ONE OF THE lesser known economic successes of the past decade has been an astounding improvement in the operating performance of U.S. nuclear power plants. Last year, about 100 nuclear plants produced 778 million megawatt-hours of electricity - 20 percent of the nation's power supply - compared with 557 million megawatt-hours in 1990.
As a result of this huge jump in output, the equivalent of another 25 power plants has been brought online - to everyone's benefit.
Credit goes to improved equipment and better planning. Shutdowns for refueling that used to take several months at the Hatch and Vogtle nuclear plants are now completed in as little as 18 days. With the rise in efficiency, plants run almost two years without these scheduled shutdowns.
NO LONGER the pariah of the energy industry, nuclear power has come full circle since the darks days of the Three Mile Island plant accident almost 25 years ago. Today, nuclear plants are highly sought-after assets, and electrical companies are in bidding contests to buy them.
Instead of plants being mothballed at the end of what was once thought to be the end of their useful life - around 30 years - the Nuclear Regulatory Commission, after determining the safety of the plants, has renewed the licenses of 15 reactors for another 20 years of operation. Eventually almost all of the nation's nuclear plants are expected to apply for renewal.
Yet, even now, nuclear power must compete at a disadvantage with other energy sources. Although it emits no airborne pollutants and is the nation's greatest source of clean energy, nuclear power receives none of the tax credits that are awarded to coal-fueled plants that install pollution-control equipment.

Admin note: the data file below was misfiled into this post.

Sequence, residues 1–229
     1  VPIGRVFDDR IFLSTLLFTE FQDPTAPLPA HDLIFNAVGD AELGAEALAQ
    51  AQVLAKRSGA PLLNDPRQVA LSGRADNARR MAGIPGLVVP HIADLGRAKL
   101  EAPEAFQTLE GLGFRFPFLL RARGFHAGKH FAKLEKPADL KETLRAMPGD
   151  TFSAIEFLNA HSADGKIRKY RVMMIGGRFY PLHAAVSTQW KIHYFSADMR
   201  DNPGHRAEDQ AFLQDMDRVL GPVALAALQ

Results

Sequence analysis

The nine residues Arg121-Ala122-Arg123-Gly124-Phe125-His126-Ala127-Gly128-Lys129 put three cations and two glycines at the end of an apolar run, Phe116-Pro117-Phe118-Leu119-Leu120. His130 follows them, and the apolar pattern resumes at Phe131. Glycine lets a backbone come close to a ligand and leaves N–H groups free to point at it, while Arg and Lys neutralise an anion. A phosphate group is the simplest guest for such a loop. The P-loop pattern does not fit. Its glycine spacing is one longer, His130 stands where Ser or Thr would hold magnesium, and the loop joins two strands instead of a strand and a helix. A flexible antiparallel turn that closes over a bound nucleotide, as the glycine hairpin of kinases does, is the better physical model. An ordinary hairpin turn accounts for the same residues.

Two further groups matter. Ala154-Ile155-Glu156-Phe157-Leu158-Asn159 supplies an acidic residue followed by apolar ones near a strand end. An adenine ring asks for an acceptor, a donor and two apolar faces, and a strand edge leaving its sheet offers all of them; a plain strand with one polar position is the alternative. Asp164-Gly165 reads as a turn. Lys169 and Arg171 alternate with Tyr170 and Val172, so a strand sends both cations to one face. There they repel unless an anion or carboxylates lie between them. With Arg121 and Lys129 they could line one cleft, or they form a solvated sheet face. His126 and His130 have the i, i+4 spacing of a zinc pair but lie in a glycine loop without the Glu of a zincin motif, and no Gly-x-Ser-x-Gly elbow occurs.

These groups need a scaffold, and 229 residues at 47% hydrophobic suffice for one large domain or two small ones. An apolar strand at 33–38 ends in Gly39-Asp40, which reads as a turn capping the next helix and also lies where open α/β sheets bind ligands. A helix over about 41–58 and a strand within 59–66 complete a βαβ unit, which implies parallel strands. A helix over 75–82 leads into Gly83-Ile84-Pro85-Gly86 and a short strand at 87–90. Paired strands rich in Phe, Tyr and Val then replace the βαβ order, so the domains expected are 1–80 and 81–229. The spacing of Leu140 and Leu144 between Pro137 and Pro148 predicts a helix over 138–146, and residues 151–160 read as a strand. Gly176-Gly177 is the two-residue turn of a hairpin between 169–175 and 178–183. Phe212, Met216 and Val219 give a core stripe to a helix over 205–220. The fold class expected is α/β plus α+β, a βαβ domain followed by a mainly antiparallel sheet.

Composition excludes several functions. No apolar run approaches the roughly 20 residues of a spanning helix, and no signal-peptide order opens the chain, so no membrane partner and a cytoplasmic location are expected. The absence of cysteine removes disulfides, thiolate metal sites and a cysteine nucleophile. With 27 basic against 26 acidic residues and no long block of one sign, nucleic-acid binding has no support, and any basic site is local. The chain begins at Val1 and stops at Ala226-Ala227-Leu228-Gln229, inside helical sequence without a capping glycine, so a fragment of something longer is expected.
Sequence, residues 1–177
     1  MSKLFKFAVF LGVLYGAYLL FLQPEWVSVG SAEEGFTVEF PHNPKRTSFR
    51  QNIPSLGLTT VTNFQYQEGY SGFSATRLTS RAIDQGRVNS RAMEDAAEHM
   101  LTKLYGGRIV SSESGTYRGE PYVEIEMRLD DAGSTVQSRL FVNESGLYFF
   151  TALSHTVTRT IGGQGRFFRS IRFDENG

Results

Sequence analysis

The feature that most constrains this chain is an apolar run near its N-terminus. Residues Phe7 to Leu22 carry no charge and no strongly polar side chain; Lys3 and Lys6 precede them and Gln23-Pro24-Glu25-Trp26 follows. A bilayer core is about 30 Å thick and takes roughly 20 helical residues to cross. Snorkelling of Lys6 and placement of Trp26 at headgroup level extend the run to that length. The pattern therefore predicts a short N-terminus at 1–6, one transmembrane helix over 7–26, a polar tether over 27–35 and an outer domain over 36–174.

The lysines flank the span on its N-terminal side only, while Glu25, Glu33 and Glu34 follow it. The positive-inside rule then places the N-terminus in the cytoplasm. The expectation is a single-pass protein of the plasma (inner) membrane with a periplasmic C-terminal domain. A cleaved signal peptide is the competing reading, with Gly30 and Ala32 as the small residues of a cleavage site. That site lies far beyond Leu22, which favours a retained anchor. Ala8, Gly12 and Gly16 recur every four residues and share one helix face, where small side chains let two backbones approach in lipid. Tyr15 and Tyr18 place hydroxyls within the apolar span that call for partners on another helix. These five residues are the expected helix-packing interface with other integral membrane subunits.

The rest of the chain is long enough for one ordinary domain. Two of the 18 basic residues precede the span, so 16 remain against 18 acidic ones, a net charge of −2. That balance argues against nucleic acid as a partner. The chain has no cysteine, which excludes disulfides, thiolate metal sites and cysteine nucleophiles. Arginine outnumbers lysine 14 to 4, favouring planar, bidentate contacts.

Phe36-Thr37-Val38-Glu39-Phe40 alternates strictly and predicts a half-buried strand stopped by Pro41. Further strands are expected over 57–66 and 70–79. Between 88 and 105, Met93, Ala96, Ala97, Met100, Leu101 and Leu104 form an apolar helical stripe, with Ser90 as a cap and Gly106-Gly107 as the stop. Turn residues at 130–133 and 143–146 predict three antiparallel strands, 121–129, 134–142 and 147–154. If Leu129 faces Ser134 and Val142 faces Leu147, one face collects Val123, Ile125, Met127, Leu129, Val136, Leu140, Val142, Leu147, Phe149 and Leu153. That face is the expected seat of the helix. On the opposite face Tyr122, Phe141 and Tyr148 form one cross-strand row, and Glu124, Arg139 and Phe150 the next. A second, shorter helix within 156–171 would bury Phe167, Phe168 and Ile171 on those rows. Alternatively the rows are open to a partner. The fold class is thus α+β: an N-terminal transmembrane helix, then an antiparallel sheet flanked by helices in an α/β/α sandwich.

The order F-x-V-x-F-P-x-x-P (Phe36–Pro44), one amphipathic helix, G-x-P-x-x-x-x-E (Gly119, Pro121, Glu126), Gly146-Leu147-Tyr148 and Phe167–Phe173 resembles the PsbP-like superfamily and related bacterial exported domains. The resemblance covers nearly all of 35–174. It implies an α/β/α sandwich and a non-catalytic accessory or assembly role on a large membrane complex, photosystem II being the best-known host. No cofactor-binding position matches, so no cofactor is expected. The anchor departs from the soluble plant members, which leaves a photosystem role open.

NOR DOES IT get any of the tradable environmental credits that go to solar, wind and other renewable energy sources. That's no small matter. Those credits can be worth tens of millions of dollars.
Nationally, we need to recognize the intrinsic environmental value of emission-free nuclear power. Congress should allow nuclear plants to receive credits for avoiding emissions of pollutants that foul the air and load the atmosphere with greenhouse gases, thereby boosting the value of nuclear plants and helping to ensure their operation in a highly competitive, restructured electric-power industry.
Already, serious efforts are under way to help launch the next generation of nuclear plants. The Senate has approved an energy bill that provides loan guarantees up to half the cost of building seven nuclear plants. And the NRC has certified designs for three standardized plants using advanced safety features.
Utilities in three states - Virginia, Mississippi and Illinois - say they plan to apply for early-site approval in the next few months, so that a site will be available if and when they decide to build a new nuclear plant.
Since the plants are conceived on a modular design concept, components of the U.S. designed reactors can be factory built and shipped to any location worldwide. A nuclear plant using one of the new designs is in commercial operation in Japan. Other countries plan to build similar advanced reactors.
Those tempted to dismiss the renewal of nuclear power as a pipe dream should weigh the alternatives, especially renewable energy sources.
In its application to renew the licenses of its two-unit, 1,690-megawatt Calvert Cliffs nuclear plant in Maryland, Constellation Energy prepared an environmental assessment of its options.
TO RELY ON wind rather than nuclear power, even assuming ideal wind conditions, the utility calculated, it would mean building enough wind turbines to cover 400 square miles. Hydro power? That would require flooding 2,600 square miles. Solar power? Far too expensive.
In short, it will be difficult, if not impossible, to carry forward a carbon-reduction agenda without nuclear power.
(Editor's note: The writer is a retired health physicist. He worked at the Savannah River Site for 35 years.)